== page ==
Tuesday, October 3, 2017

Statements I Hate to Hear from Writers (Part 2 of 3)

"God gave this to me so I know you'll publish it." I've heard variations on that one, but they all say something like this:

• "God gave it to me."

• "God dictated every word."

• "God awakened me in the middle of the night and said, 'Write!' "

My wife heard all the stories. For several years, she was the acquisitions editor of a devotional magazine. Even though she received a number of such manuscripts, she never found one worthy of publishing.

Here's my suggestion: If God gives you a message to write, don't tell an editor; let an editor tell you. Early in my writing career, I wrote an article called "Grace Builders," and I honestly felt God had given the article to me. I changed exactly one word after my first draft.

I sent it to a publisher and it was accepted. After that, 16 other magazines reprinted it. This is the first time I've ever said God gave me a message, and I can do so now because the results provide strong evidence for my claim. (I didn't tell that to the publisher when I sent the article.)

When I hear people declare they have received divine inspiration, I believe it's a defensive statement. It's as if the person says, "God gave it to me and you can't argue with God or reject God." God's words can stand scrutiny.

One editor told me she responds this way: "God may have told you to write it, but God didn't say I would publish it. When I prayed today, God told me to reject your manuscript."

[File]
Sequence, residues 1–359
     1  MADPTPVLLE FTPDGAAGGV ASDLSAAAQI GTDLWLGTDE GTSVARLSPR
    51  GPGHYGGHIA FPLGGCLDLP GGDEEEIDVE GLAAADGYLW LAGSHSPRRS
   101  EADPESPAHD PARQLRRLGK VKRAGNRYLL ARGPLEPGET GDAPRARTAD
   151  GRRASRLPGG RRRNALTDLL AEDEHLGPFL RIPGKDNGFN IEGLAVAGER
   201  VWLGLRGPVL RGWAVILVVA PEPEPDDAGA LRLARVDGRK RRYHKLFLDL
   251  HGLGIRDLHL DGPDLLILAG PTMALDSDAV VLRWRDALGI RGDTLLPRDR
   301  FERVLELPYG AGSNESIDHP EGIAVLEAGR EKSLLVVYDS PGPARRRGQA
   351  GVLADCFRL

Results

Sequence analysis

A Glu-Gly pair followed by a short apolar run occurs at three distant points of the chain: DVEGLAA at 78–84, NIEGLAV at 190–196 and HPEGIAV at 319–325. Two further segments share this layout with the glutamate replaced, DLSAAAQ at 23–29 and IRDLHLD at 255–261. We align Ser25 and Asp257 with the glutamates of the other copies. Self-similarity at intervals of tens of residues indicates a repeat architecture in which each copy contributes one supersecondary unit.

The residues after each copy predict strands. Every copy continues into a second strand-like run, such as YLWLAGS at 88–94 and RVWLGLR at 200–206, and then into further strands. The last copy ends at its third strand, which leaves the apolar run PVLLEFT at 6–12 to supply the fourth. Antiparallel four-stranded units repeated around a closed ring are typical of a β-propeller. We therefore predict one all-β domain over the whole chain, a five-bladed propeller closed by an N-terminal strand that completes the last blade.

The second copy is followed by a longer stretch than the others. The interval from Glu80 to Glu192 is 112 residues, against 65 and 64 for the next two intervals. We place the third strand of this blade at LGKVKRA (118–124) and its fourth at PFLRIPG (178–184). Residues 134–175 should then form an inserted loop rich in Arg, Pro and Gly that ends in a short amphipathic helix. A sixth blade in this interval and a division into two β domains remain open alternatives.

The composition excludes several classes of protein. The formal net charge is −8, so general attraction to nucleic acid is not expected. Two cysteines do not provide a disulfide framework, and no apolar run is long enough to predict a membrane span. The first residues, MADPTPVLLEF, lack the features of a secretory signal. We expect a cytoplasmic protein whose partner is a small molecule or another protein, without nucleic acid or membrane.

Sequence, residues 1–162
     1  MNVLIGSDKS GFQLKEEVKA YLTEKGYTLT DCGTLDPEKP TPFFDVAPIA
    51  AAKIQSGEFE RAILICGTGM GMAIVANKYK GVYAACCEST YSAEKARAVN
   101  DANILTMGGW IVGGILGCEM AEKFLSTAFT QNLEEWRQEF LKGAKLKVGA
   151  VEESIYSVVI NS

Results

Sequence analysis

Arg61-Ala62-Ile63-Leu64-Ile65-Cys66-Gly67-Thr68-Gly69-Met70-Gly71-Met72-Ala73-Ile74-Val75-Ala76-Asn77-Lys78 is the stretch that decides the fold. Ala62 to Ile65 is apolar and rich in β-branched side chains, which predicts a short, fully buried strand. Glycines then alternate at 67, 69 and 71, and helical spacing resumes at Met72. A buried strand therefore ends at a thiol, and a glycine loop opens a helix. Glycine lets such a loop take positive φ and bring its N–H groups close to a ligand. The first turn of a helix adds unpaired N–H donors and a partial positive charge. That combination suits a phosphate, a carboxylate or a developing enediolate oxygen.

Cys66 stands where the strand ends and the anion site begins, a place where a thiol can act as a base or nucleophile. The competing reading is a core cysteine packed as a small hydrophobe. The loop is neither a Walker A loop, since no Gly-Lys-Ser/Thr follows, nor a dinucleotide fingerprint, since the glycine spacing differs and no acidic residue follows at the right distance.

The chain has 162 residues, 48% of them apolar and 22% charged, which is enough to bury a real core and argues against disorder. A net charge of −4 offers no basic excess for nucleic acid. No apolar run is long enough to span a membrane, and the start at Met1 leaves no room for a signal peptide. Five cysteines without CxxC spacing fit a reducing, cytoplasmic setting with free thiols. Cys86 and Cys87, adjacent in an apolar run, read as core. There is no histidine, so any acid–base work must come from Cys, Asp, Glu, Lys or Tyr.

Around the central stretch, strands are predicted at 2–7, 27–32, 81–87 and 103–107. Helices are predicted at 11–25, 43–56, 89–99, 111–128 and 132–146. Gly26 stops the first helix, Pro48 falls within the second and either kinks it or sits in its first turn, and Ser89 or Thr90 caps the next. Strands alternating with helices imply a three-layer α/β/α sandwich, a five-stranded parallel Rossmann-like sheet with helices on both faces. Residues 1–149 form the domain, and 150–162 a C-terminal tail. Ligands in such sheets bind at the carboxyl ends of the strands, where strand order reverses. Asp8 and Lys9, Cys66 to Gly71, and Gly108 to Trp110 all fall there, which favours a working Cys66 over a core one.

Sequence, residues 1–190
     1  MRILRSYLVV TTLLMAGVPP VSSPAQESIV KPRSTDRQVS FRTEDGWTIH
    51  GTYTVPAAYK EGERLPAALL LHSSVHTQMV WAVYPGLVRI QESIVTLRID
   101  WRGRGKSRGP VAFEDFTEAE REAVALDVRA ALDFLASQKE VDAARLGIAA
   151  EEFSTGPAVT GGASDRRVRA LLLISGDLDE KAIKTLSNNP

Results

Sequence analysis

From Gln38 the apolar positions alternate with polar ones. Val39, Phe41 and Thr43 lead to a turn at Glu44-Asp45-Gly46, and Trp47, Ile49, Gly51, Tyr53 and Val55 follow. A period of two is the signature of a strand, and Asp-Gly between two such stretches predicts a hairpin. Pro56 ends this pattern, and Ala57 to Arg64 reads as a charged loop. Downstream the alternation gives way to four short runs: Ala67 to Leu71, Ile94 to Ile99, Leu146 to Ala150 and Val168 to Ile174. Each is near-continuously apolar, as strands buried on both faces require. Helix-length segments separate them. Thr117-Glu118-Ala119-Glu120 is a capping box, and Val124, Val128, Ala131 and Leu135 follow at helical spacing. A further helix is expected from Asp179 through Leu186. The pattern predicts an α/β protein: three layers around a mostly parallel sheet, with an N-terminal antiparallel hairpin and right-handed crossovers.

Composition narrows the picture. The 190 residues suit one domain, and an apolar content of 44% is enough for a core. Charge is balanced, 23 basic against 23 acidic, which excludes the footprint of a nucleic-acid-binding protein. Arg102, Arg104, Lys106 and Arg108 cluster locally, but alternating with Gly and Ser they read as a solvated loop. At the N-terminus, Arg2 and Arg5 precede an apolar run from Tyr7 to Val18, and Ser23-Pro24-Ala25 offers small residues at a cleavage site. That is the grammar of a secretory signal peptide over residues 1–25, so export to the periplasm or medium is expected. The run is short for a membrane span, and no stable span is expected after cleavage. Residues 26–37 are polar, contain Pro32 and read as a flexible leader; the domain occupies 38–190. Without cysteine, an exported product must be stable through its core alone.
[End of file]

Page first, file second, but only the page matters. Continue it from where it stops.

If God inspires your writing, 
others will know because it will inspire them when they read it.

3 comments:

  1. Thank you for your wisdom, Cec. I once attended a writers' conference in which an editor recounted a similar story.

    A woman had submitted a manuscript which, she claimed, had been given to her verbatim by God. She demanded that the editor publish her manuscript under penalty of God's punishment if the editor did not.

    Admitting the possibility that God had, indeed, given the woman the idea for the manuscript, the wise editor responded, "Madam, God may have given you the idea for your manuscript, but if He also gave you the words verbatim, I would be constrained to conclude that God's writing has considerably deteriorated since He wrote the Psalms."

    To the woman's credit, she got the editor's message.

    Blessings,

    MaryAnn Diorio

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  2. Thank you Mr. Murphey for sharing this. I was one of those writers who truly felt like God had given me the words for a memoir I wrote. When I read in one of your books not to use these words with editors, my feelings were hurt. But as I have now gone to writers conferences and improved my craft, I can truly see how God may have prompted me to write about the subject, but had plenty of room to improve where I started. The truth may hurt new writers, but definitely words they need to hear. Thank you, again, Mr. Murphey.

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  3. Thanks to both Mary and Sheryl.
    About 15 years ago, an editor of a large publishing house sent me at least a dozen queries from writers, all of them insisting (not just stating) that God had given them every word, comma, and period. And they would suffer divine punishment if they didn't publish their books. T
    All of them weren't that threatening, but each one did insist on divine inspiration.


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